Marty’s Corner: Using the Food Label as a Teaching Tool
There’s been a lot in the news lately about sodium intake and its relationship to health and, in particular, blood pressure. While we know that some individuals are more sodium-sensitive than others, we also know that the sodium intake of the average American is well over the recommended amount, which, according to the Dietary Guidelines for Americans 2015-20201, is 2300 milligrams per day. For decades, the food label has been a source of information about the nutrients in a food product, and its latest redesign has the intent of making it even easier for the consumer to understand and to use as a guide in making wise food choices.
Hospital foodservice departments are jumping on this bandwagon by making changes to offer their customers healthier options. While we all know that “fried chicken day” might still be very popular at some facilities, foodservice directors and hospital administrators understand the role that they have in not only helping patients to get well, but ensuring that visiting family members, as well as hospital employees, have plenty of optimal choices available when it comes to food.
In a study by Lindeman et al2, a “stealth strategy” was applied to help reduce sodium intake in a hospital cafeteria. Foods that had high-volume sales were identified and ingredients were altered to lower the item’s sodium content (with the “stealth” part being that customers were unaware of the changes). Customers continued to purchase the items which were now lower-sodium, with overall dollar sales of most stealth item categories increasing during the study period.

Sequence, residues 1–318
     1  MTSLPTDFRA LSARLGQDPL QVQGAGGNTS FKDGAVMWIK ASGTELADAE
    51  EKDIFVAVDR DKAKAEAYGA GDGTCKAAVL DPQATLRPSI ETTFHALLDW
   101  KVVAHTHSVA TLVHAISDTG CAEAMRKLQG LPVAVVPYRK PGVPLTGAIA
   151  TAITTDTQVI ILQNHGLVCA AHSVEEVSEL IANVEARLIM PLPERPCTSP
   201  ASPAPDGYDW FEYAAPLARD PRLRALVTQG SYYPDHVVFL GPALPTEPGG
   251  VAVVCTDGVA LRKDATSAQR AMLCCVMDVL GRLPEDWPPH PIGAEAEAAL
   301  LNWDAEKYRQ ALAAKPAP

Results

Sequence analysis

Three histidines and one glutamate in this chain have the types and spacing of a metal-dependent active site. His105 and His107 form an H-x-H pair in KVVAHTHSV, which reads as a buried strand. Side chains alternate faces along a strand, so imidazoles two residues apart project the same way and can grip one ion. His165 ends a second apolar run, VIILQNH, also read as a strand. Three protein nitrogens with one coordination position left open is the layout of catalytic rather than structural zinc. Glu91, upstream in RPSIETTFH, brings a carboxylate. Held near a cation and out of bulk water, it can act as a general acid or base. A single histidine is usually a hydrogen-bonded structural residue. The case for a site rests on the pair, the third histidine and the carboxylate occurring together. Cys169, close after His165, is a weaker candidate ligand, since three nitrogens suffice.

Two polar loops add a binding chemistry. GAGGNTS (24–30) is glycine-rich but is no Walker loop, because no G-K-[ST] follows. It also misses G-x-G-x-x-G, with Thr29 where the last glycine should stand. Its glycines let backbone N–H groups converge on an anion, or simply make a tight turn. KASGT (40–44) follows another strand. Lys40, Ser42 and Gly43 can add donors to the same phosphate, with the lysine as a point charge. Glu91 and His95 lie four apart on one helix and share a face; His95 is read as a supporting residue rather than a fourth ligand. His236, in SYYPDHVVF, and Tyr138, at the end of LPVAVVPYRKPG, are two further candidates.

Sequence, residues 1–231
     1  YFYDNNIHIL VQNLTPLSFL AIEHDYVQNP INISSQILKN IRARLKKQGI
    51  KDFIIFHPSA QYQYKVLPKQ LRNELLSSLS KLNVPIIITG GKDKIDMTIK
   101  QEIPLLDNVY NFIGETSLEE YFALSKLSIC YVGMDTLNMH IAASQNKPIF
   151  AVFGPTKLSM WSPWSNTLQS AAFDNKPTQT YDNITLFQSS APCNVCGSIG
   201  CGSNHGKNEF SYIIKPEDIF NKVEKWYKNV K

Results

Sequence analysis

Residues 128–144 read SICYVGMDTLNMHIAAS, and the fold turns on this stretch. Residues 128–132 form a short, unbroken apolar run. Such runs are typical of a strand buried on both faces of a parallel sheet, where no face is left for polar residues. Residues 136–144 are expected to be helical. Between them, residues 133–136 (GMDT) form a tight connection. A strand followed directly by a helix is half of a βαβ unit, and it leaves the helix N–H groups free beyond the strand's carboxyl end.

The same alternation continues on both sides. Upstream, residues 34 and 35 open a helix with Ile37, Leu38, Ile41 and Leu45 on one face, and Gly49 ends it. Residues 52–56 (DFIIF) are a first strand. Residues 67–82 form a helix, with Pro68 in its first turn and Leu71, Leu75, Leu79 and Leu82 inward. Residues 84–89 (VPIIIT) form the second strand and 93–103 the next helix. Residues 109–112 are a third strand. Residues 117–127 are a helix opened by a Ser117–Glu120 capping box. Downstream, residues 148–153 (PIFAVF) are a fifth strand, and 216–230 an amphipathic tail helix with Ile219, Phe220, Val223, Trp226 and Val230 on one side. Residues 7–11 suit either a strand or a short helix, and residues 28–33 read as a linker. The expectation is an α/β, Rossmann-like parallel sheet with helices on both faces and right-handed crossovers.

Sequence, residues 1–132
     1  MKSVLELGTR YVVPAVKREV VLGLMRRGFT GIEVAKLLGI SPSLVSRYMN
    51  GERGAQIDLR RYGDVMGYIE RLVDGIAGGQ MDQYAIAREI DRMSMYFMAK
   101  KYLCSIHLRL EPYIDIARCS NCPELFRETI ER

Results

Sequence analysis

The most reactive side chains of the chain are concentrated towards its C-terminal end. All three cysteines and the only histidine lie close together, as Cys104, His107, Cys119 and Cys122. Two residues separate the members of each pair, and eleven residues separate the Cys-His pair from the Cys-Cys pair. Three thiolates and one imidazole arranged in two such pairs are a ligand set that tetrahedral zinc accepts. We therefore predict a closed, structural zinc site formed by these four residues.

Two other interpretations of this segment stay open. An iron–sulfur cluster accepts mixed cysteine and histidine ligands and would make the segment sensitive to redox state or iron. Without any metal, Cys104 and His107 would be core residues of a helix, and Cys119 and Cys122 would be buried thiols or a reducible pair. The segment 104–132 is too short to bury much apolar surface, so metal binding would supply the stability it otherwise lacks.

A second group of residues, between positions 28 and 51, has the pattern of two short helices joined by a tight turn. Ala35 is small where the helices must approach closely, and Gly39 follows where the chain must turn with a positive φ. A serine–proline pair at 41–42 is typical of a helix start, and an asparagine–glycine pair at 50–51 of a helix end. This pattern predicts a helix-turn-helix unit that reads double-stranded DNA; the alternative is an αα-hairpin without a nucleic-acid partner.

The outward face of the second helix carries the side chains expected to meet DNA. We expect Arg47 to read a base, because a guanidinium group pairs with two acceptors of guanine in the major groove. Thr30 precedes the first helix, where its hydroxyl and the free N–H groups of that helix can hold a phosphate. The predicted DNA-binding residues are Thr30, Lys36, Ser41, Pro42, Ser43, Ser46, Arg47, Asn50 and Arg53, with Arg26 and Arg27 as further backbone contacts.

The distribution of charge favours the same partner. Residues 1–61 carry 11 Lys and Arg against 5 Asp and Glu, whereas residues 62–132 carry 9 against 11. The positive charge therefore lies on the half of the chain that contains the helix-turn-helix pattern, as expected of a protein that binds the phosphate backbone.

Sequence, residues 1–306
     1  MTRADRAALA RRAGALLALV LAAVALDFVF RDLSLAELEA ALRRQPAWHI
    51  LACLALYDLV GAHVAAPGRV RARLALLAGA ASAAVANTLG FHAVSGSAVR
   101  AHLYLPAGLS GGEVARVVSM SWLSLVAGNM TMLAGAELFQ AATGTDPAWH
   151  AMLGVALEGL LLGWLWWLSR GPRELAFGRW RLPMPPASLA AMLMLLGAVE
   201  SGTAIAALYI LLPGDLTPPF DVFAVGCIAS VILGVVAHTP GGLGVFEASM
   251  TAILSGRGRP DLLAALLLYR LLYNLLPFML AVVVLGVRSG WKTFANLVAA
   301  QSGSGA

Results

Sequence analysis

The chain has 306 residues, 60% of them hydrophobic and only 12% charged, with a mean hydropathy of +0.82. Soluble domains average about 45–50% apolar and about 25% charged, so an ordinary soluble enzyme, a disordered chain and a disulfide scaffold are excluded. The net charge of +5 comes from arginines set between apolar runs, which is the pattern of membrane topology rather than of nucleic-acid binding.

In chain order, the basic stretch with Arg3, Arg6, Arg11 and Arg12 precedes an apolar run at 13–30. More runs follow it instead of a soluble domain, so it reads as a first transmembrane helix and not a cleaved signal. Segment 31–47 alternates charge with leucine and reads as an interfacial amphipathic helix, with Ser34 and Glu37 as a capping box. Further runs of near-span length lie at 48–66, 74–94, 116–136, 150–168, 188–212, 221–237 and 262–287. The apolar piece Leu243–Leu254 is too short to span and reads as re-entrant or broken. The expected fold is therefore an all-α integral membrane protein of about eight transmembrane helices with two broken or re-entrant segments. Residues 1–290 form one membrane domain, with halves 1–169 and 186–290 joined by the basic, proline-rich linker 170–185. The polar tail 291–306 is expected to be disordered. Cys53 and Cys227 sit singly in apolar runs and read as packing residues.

The use of labeling in hospital foodservice, especially with grab-and-go items, is becoming more and more the norm. Labeling software that integrates with the department’s food and nutrition management software system can extract a recipe’s ingredients, sub-ingredients, and major allergens so that these are properly displayed on the label. Whether it’s helping customers meet the recommendations for maximum daily intake of sodium, or flagging wheat-containing items for those who are gluten sensitive, a food label can serve a positive purpose in providing accurate information that helps our customers make wiser selections.
- Dietary Guidelines for Americans 2015-2020, https://health.gov/dietaryguidelines/2015/guidelines/, accessed December 3, 2017.
- Lindeman A, Fougeron M, Vaughn S, et al. Applying stealth strategy in a hospital cafeteria: an effective technique to maximize exposure to lower sodium foods. J Acad Nutr Diet. 2016:116(9) Suppl, p. A-11.
Article by: Marty Yadrick, MBI, MS, RDN, FAND - Director of Nutrition Informatics and former President of the Academy of Nutrition and Dietetics; Fusion, 1st Quarter, 2018